The Wonder of West Texas
Day One – Our small group headed out in the evening after a sit-down pizza feed in our condo. It was a lovely evening drive, with an uncharacteristic cloud cover. Our spiritual guide Christian asked us fun “getting-to-know-you” questions, such as first concert/best concert and what is your spirit animal. After an hour’s drive, we ran down a gravel road to the trailhead for Balanced Rock, an iconic rock formation that draws many visitors every year. Christian, one of the kindest and most thought-provoking humans I’ve met, introduced the concept of “Thresholds” being the beginning of a personal pilgrimage. He asked us to think about what we want to leave behind (toxic relationships, unhealthy living, low self-esteem, excessive social media) and what we want to bring, or go towards – a new job, a new purpose, a new life story. To mark the beginning of this pilgrimage, we each walked through the eye of the Balanced Rock formation, symbolically leaving behind our baggage, and we were given meditation beads. We finished the evening off with a run back to the car, then back to the lodge for the night.
The next morning after a leisurely breakfast, we headed out for a 10-mile adventure in Big Bend State Park, adjacent to the National Park, on the West Contrabando Trail, which gifted us with prickly pear cactus with its red-dye producing insects the cochineal, several varieties of barrel cacti, the candelilla plant (from which candle wax is derived and at one time sold on the black market at prices comparable with minded mercury), sages and ocotillo cactus (which was still lush and flowering in places due to the longer than average monsoon season). We rolled through several washes where Liza spotted a lovely fossil of a leaf. Rock formations and soil types seemed to change with each turn in the trail, and I keenly kept my eyes and ears open for the wild burros that live there. Heavy rain the day before had apparently had them on the move for drier land, as there were heavy hoof prints and abundant fresh donkey poo, but alas, they remained elusive. About five miles in, we ate our packed lunches al fresco at an old, abandoned mercury mine and had fun exploring the remains and looking down into the mine shaft, feeling warm air coming up from the deep earth.
It was brisk but dry, and we were soon warmed up and on our way for the second half of the trail run, but not without a stop to observe a walking stick bug crossing the trail. Apparently, it had only one thing on its mind, and that was to get to the other side, as it began walking up the leg of our guest Mike who was standing in the direct path.
Following cairns and old iron signposts, we ambled onto another abandoned mine site, this one with barely a trace left behind, and then onto the end of our loop. With the bliss that follows a good run, we snacked from the back of the van, then piled in and drove back to the lodge for a proper lunch and optional napping.
Restored from the morning adventure, we took a short drive to “Closed Canyon” a slot canyon, for a meditative walk, admiring the tall walls and the plants that somehow managed to get what they need protruding from the hard rocks. With the recent rain, there were a few pools of water, and the cloudy weather made for pleasant conditions. At the end of the trail, we sat and read some inspiring poetry gathered by Christian; we spent time in quiet meditation before heading back.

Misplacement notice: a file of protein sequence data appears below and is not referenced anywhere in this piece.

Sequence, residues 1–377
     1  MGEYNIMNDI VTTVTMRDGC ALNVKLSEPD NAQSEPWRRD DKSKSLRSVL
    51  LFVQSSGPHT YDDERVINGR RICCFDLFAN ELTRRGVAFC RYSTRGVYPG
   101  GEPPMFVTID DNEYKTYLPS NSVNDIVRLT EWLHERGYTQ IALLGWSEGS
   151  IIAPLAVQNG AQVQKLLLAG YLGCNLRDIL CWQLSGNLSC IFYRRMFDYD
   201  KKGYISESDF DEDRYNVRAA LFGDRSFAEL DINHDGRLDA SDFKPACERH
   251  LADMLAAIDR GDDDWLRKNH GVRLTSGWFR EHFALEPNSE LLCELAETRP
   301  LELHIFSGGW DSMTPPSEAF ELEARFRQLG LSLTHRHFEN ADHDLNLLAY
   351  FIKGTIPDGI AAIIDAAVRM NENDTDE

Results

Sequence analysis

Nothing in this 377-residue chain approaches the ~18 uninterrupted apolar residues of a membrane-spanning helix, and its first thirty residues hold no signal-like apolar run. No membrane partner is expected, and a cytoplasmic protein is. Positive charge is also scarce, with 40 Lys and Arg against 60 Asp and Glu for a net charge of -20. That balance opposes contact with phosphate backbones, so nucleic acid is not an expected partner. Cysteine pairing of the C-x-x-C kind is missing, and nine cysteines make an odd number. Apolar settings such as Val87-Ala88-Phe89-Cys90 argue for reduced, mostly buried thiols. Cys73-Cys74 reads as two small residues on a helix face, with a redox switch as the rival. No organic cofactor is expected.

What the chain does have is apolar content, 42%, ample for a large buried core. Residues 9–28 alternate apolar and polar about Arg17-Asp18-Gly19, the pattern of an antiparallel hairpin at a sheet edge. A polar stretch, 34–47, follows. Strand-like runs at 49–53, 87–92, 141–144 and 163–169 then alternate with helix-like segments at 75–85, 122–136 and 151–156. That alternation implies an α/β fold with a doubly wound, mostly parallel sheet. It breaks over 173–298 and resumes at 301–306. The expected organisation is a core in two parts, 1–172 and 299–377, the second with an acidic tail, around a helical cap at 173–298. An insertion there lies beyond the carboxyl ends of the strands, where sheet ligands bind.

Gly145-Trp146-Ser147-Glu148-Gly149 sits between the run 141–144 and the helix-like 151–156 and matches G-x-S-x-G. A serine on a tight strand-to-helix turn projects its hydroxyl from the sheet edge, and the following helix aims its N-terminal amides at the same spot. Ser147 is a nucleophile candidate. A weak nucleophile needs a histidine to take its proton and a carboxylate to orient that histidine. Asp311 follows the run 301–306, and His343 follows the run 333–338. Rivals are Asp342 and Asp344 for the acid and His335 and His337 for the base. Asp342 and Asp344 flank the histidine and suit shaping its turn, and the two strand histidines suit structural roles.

Dinner was at the lodge and full of good food, good stories, and good laughs, all the way to the dessert of Dr. Pepper Cake!?!
A hike was the plan for the following day, beginning at Chisos Basin Visitor Center. The late monsoon season gave us glorious wildflowers and greenery not often seen this time of year. We hiked conversationally, circumnavigating Emory Peak (the tallest peak in the park), and made our way to Bootleg Canyon. The flowers and greenery made me forget we were in the desert. We climbed out of the canyon and sat on the edge, eating our lunches with a great expanse before us. When it was time to go, we made a 30-minute vow of silence to practice mindfulness and listen to our surroundings.
Many, many switchbacks later, we arrived back at the Visitor Center. Liza quickly had us seated at a picnic table, with all the snacks and beverages. A local roadrunner made an appearance, but no coyote was in pursuit! We visited the two gift shops, made some fun purchases, and then headed to our favorite taco joint in Terlingua. We all opted for the five-taco special, with all the options, including “nopales” or cactus. After such a long day, bedtime was more than welcome.
The next morning, we took a drive towards Santa Elena Canyon, some of us running the final four miles to the river. Because of the late monsoon season, the Rio Grande was higher than normal, although in this section it was quite low. After enjoying our views, we made our way to another hidden oasis in the desert, Cattail Falls, with a microclimate allowing for a variety of plants not seen in the exposed terrain of most of the desert. Without a word, we spread ourselves out, took a seat, and sat in contemplative silence. A leisurely hike, then a jog back to the car, and we were ready for a Texas BBQ! The down-to-earth, order-at-the-counter, sit-on-the-patio restaurant with live local musicians was the perfect cap to a perfect day. As darkness fell upon us, we took a somber stroll into the historic Terlingua cemetery and into the old stone Terlingua church. The night sky was clear and brilliant with stars.
On our final morning, we returned to Balanced Rock, for a full circle of our days in the desert, our meditation beads on our wrists to remind us of our new journey, keeping us on the path towards our goals, and leaving behind that which does not serve us.